Synthetic Benchmarks

As always for the first batch of testing, I ran the two cards in Crossfire through a few synthetic benchmarks. These are typically more likely to support multi-card configurations and are great for comparing the difference between cards. The first tests were in 3DMark where I tested using the Fire Strike benchmark at 1080p, 1440p, and 4k then I also used Time Spy to check out DX12 performance. At 1080p the 570’s came in below the 1080 Ti but above the new 11Gbps GTX 1080’s. Turning the resolution up had the pair dropping down some at 1440p and even more at 4k where single cards with more VRAM and higher memory bandwidth have advantages. In Time Spy there is a noticeable different between the RX 570’s in Crossfire compared to the RX 470’s in Crossfire and the 570’s came in just below the 11Gbps GTX 1080.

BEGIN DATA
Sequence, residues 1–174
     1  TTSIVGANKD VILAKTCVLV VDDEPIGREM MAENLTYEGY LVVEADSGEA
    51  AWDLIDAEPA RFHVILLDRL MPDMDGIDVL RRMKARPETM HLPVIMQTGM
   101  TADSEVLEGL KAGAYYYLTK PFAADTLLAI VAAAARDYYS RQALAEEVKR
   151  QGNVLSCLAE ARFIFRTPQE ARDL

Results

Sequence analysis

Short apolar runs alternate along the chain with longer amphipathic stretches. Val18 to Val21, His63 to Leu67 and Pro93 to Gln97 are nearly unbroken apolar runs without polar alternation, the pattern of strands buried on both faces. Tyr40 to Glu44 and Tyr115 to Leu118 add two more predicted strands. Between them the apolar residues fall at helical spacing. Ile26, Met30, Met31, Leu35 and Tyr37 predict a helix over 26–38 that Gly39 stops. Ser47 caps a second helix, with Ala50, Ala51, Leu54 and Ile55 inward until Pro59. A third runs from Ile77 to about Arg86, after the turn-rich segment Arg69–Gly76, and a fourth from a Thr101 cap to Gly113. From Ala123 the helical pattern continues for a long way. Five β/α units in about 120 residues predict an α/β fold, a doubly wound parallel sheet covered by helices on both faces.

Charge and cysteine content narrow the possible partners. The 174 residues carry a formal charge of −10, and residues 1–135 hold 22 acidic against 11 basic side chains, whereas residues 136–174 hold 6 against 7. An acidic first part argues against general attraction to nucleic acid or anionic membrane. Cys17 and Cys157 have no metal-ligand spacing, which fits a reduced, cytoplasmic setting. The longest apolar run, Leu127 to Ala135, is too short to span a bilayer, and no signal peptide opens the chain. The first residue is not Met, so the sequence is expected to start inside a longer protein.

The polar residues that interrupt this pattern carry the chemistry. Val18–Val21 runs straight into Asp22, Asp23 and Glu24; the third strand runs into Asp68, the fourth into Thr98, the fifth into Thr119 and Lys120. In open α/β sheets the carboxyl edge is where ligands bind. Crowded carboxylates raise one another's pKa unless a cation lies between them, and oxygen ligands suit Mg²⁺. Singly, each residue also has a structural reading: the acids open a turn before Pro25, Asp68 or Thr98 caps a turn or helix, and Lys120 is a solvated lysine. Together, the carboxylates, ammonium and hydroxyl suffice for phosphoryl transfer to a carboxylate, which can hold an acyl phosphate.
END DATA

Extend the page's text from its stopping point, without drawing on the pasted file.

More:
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Unigine Valley had Crossfire support and the cards were up in the GTX 1070 range, about 40 FPS above a single RX 570. In the new Unigine Superposition benchmark, there wasn’t any support and the two cards running together basically matched the single card performance of the Asus RX 570 that was the main card anyhow so at least there wasn’t a performance drop but this is an example of what happens when games aren’t supported.

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Catzilla was the same, all three tests came in just below the Strix RX 570 with no Crossfire support and a few point loss.

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I also slipped in a little VR testing and there was an improvement in the SteamVR benchmark from 6.5 up to 7.9, both are in the green but it looks like if the game supports Crossfire you will see much smoother VR performance. The same happened in VRMark where we gained 23 FPS on the orange room and about 9 on the always demanding blue room test.

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